The Edwardian Ball & World's Faire
January 17 & 18, at 8 pm-2 am
This celebration of darkly quirky author-illustrator Edward Gorey and turn-of-the-century art, theater, music, fashion and technology boasts San Francisco’s highest concentration of top hats, corsets and absinthe. Entertainment includes an enactment of Gorey's tale "The Curious Sofa," ballroom dancing, burlesque, circus and acrobatic acts, bands, steam-powered machines, curiosities on display, DJs, an antique portrait studio, parlor games and performances by Vau de Vire Society and  Dark Garden Corsetry. A vendor bazaar offers period garments and accoutrements.
At Regency Ballroom, 1300 Van Ness Ave., San Francisco 94109. All ages welcome. Tickets $40-100.

Good Food Awards Marketplace and Beer & Spirits Garden
January 18, from 9 am
Taste and buy the best charcuterie, cheese, chocolate, coffee, confections, oils, pickles, preserves, beer and spirits from across the country---made by Good Food Awards winners. The awards honor farmers and producers who craft delicious food and drink with sustainable and socially conscious operations. 
At the Ferry Building, Market St. & the Embarcadero, San Francisco 94111. Tickets $5. 

National Park Fee-Free Day
January 20
All national parks--such as Muir Woods, Sequoia and Yosemite--offer free admission.

Sketchfest
January 23-February 9
SF's annual comedy festival includes tributes to Alan Arkin and Keegan-Michael Key and Jordan Peele, live podcasts, screenings of Revenge of the Nerds and Napoleon Dynamite (with cast members attending) and appearances by Maya Rudolph, Jack Black, Kevin Pollak. Amy Schumer, Bill Nye the Science Guy, Upright Citizens Brigade, Adam Savage, Nato Green, George Chen, Killing My Lobster and lots others. Many of the events are open to all ages. 
At various venues in San Francisco. Ticket prices vary.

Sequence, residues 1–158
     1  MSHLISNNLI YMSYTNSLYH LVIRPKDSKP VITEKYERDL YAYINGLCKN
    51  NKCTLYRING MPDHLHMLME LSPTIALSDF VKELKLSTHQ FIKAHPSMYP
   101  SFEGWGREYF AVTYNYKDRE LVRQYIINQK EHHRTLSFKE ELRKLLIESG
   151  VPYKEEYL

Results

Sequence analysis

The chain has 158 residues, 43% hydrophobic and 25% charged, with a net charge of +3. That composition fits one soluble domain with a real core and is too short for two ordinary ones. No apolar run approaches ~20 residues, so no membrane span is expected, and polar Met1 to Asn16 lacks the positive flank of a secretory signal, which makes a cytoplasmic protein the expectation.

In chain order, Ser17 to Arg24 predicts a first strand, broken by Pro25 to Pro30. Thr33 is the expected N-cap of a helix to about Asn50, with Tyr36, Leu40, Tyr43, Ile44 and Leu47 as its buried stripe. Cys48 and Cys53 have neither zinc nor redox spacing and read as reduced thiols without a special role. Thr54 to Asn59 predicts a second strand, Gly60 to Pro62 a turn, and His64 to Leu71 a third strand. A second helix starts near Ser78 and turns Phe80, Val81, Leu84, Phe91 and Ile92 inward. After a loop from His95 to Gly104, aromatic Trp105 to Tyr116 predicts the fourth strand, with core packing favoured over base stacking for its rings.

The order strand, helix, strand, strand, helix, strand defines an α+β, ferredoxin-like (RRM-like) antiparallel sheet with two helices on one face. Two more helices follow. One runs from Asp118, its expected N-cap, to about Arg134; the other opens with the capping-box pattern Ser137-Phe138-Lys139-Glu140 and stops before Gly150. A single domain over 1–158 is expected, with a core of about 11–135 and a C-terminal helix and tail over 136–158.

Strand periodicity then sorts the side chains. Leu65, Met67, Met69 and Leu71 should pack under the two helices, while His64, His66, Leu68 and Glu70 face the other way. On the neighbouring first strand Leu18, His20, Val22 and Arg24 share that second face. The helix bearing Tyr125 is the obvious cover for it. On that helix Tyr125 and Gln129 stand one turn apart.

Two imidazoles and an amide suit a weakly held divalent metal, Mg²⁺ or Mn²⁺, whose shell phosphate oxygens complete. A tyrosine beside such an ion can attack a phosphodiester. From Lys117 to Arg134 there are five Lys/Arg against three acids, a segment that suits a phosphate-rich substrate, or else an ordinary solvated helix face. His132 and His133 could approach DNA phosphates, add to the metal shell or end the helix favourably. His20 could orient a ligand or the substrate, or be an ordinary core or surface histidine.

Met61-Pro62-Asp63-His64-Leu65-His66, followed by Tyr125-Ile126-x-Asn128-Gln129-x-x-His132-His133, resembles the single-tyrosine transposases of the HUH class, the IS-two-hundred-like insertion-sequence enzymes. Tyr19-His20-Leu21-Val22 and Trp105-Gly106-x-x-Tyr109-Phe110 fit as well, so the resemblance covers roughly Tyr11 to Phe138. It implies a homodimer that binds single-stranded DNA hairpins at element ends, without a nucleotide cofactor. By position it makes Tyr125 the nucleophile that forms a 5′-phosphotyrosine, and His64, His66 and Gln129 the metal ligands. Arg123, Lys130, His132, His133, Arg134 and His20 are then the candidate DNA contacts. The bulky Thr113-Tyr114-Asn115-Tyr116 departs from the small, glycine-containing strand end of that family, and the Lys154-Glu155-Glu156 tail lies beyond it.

San Francisco Dump Artist in Residence Exhibition
January 24, at 5-9 pm; Jan. 25, at 1-3 pm; and Jan. 28, at 5-7 pm
For four months, Yulia Pinkusevich, Stephanie Syjuco and Brittany Watkins have scavenged stuff from the dump (such as computers, televisions and inner tubes) and made it into art. Come see the results. The artists discuss their work on Jan. 28 at 7 pm at 401 Tunnel Ave., near the art studio.
At Recology San Francisco Art Studio, 503 Tunnel Ave., San Francisco. Free.

Noir City
January 24-February 2
Presenting more than 25 film noir classics over ten days, the festival highlights films made right after World War II and includes productions from France, Norway, Japan, Argentina and Germany, as well as Hollywood. Opening night films are Journey Into Fear and The Third Man, starring Joseph Cotten and Orson Welles.
At Castro Theatre, 429 Castro St., San Francisco 94114. Tickets $10.

Hop, Wiggle and Read: A Family Jamboree
January 26, at 12-3 pm
In its annual celebration of children's stories, the Contemporary Jewish Museum partners with the San Francisco Public Library to present storytelling, clay sculpting and fun folk-rock by the Bug Family Band. 
At the Contemporary Jewish Museum, 736 Mission St., San Francisco 94103. Free with museum admission; present an SF Public Library card for free admission for two people. 

Moving Portraits: Films and Short Works by Mike Mills
January 26, at 7‒10 pm
Writer-director Mills delves into complex emotions and identities, and tonight's program includes his new work A Mind Forever Voyaging Through Strange Seas of Thought Alone: Silicon Valley Project. Commissioned by the San Francisco Museum of Modern Art, the video focuses on Silicon Valley tech workers' children, who talk about their visions of the future. Beginners, starring Christopher Plummer and Ewan McGregor, will also be shown. 
At the Roxie Theater, 3117 16th St., San Francisco 94103. Tickets $7, 10.